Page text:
Netbooting Debian Squeeze

This page is about netbooting Debian squeeze. That is, using PXE to boot a diskless system with / (root) on a fileserver mounted via NFS, a method known as NFSRoot.

The easiest way to do this IMO is to actually install Debian Squeeze to a machine, make the necessary modifications to turn it into a diskless client and then copy the filesystem from that machine to a directory in the NFS share. Note, this page assumes root privileges.

First things first. Install Debian Squeeze to a machine (or virtual machine ) of your choosing.


On the server, you will need these packages

 apt-get install dhcp3-server  
 apt-get install tftp-hpa  
 apt-get install syslinux  
 apt-get install nfs-kernel-server  

On the client, you will need these packages

 apt-get install initramfs-tools

Configure DHCP server

NOTE: Most networks already have a DHCP server configured, and having more than one of them on the network at a time can cause problems for other computers on the network. Make sure you disable any other DHCP servers if you are starting a new one, instead of changing the configuration for the existing server.

Now, configure the DHCP server. I prefer vim,

vim /etc/dhcp3/dhcpd.conf 

You need to add a next-server and filename options, and the resulting file should look something like this.

default-lease-time 600;  
max-lease-time 7200;  
option domain-name "xephon";  
option domain-name-servers,,;  
option routers;  
subnet netmask {  
  filename "/tftpboot/pxelinux.0";  

The next-server option tells the client which IP to ask for the file named in filename.
You can see the Set up DHCP section of the this page for an example of setting up a static client section.

Set up NFS

First, we will create the directory that will contain our nfs shares, and then a directory for the root of the client who we will name zim.

mkdir /nfs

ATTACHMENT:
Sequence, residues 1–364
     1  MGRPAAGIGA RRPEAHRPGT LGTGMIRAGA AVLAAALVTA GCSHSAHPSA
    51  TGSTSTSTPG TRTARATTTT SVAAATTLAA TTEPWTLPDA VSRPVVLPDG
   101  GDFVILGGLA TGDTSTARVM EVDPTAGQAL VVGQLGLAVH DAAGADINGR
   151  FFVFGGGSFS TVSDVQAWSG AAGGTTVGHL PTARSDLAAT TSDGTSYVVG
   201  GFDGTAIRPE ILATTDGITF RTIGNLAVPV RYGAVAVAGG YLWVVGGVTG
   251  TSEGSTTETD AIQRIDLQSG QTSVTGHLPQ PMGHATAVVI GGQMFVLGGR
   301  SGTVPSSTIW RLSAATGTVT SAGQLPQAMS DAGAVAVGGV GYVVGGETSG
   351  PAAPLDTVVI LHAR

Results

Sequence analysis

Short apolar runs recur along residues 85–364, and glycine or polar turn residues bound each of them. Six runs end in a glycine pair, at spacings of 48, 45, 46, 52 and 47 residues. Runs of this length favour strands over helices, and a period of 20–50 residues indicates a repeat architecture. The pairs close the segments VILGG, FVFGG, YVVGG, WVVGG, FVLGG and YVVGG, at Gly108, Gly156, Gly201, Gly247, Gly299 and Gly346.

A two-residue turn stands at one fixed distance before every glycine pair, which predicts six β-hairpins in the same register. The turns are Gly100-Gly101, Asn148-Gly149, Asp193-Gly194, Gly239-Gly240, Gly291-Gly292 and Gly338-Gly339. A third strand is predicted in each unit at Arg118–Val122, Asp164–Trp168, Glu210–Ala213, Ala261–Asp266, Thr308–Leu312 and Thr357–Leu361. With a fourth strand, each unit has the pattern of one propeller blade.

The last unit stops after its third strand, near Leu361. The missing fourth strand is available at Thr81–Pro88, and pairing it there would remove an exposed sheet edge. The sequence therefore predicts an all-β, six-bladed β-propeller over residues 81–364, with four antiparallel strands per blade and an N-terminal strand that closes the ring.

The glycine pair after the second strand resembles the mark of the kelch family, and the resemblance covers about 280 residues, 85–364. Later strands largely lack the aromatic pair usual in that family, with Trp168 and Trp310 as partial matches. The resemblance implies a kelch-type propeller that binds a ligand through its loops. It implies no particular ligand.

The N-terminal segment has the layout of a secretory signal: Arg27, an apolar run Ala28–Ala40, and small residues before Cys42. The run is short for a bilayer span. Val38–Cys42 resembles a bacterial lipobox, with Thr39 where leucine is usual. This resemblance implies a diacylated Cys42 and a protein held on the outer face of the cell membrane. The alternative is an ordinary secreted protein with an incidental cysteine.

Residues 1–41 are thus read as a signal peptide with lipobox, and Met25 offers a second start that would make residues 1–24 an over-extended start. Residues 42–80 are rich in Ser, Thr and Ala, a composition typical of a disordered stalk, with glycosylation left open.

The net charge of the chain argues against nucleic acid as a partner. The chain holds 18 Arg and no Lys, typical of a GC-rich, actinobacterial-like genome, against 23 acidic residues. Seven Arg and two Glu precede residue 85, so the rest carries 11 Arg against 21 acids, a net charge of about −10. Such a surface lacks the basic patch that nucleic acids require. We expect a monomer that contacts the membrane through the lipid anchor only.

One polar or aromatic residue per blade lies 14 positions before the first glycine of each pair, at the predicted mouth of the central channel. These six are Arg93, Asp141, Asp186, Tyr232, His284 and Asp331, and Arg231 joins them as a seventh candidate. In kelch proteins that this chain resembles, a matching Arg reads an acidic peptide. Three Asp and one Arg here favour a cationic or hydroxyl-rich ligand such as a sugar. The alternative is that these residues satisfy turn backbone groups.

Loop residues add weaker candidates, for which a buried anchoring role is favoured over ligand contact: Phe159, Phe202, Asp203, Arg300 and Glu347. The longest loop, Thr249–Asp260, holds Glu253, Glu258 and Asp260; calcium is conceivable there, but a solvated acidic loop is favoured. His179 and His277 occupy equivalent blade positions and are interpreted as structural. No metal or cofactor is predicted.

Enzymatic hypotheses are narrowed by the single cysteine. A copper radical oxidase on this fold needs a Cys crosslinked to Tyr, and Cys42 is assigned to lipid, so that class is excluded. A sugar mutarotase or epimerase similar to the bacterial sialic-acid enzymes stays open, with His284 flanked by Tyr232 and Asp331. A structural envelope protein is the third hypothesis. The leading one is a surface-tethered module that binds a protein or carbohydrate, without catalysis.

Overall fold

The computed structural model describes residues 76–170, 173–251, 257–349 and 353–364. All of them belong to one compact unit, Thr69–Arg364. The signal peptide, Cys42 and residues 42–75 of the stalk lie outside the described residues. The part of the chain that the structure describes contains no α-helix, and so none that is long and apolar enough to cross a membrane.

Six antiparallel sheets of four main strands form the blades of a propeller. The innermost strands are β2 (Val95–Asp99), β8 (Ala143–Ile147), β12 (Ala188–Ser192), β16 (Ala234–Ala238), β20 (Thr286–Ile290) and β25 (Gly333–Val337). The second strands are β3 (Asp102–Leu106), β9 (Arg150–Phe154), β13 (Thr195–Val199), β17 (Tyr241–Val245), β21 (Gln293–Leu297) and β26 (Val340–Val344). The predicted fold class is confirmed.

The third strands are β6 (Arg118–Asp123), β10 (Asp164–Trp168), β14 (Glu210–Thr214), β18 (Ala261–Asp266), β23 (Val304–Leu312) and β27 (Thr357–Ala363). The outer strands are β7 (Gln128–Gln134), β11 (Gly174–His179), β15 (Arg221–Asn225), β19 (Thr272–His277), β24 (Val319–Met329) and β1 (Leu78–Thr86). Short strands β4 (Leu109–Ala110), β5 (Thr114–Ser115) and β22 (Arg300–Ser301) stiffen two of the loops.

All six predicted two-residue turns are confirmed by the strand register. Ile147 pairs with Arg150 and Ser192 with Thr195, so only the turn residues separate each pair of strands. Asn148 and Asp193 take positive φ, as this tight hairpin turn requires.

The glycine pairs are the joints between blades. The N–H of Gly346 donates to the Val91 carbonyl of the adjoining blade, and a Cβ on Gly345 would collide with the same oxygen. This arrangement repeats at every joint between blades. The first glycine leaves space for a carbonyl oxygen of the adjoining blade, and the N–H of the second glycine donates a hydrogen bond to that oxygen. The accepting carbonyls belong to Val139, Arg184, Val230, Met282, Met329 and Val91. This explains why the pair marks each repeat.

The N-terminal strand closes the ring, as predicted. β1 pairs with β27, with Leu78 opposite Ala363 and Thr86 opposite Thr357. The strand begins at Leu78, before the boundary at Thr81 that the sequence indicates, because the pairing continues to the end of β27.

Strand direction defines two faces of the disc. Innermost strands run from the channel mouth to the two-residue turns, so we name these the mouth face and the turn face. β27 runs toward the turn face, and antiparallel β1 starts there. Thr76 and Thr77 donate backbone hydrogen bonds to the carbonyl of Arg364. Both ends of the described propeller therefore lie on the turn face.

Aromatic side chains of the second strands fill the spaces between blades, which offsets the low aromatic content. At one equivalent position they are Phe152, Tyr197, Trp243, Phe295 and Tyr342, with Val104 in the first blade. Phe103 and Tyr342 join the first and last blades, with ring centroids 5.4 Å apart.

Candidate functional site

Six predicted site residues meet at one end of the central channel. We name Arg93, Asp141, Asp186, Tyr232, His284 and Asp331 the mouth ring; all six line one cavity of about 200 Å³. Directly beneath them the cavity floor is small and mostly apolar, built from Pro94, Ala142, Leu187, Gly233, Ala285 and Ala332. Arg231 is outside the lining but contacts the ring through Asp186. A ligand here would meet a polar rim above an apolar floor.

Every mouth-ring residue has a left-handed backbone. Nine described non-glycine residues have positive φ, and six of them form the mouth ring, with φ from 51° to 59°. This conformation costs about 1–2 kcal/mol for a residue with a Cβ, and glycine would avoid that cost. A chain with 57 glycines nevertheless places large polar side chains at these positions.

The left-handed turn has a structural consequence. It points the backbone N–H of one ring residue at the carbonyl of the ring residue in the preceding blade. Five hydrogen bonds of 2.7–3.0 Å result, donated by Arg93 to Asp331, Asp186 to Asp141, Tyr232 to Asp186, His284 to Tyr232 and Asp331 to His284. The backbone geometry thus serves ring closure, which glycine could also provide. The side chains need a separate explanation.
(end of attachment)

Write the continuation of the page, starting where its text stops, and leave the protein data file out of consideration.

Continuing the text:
mkdir /nfs/zim  

Don’t forget to export them,

vim /etc/exports

and add this line


This will allow anyone in the network of to mount this share. If this is not what you want, you can restrict it to a single IP such as, or simply * to allow anyone access. Then, reload the file with,

exportfs -rv

Configure the client

Let’s start with /etc/fstab. Edit it so that your current root and swap are commented out, and add the necessary lines, both of which are shown in this example.

###/dev/hda1       /               ext3    noatime,errors=remount-ro 0       1
###/dev/hda5       /mnt/hda5       ext3    noatime         0       2
###/dev/hda6       none            swap    sw              0       0

/dev/nfs        /               nfs     defaults 0 0
none            /tmp            tmpfs   defaults 0 0
none            /var/run        tmpfs   defaults 0 0
none            /var/lock       tmpfs   defaults 0 0
none            /var/tmp        tmpfs   defaults 0 0
none            /media          tmpfs   defaults 0 0

Next, we need to edit /etc/initramfs-tools/initramfs.conf. Edit it so the BOOT and MODULES lines are as shown


Now, create a new initrd image.

mkinitramfs -o initrd.img.netboot
mv initrd.img.netboot /boot/.

Now, don’t forget to edit the /etc/network/interfaces file. It needs to look like this.

# The primary network interface  
#allow-hotplug eth0  
iface eth0 inet manual  

Then, mount the NFS share and begin copying over the filesystem to the server.

mount -tnfs -onolock /mnt   
cp -axv /. /mnt/.  
cp -axv /dev/. /mnt/dev/.  

And finally, back on the server, configure tftp. Remember that in Debian Squeeze, for the tftp-hpa package, the tftp folder is in /var/lib/tftpboot.

mkdir -p /var/lib/tftpboot/pxelinux.cfg  
cp /usr/lib/syslinux/pxelinux.0 /var/lib/tftpboot/.  
cp /nfs/zim/boot/vmlinuzTAB /var/lib/tftpboot/vmlinuz-zim  
cp /nfs/zim/boot/initrd.img.netboot /var/lib/tftpboot/initrd.img.zim  

Where you see TAB, press the TAB key and it will automagically fill in the kernel version, assuming you only have one version in there.
Now, create a PXE config file

vim /var/lib/tftpboot/pxelinux.cfg/default

and add contents such as these, replacing the IP address and kernel version with the one your using.

LABEL linux
KERNEL vmlinuz-2.6.15-1-486
APPEND root=/dev/nfs initrd=initrd.img.netboot nfsroot= ip=dhcp rw


Now, you should have a working thinclient.
Don’t forget the changes you’ve made to the existing machine, in it’s current state it isn’t bootable, but that isn’t a problem because we assume you’ve installed it to a machine that you will be using as a thinclient. Simply revert the changes to put the machine back in a bootable state.


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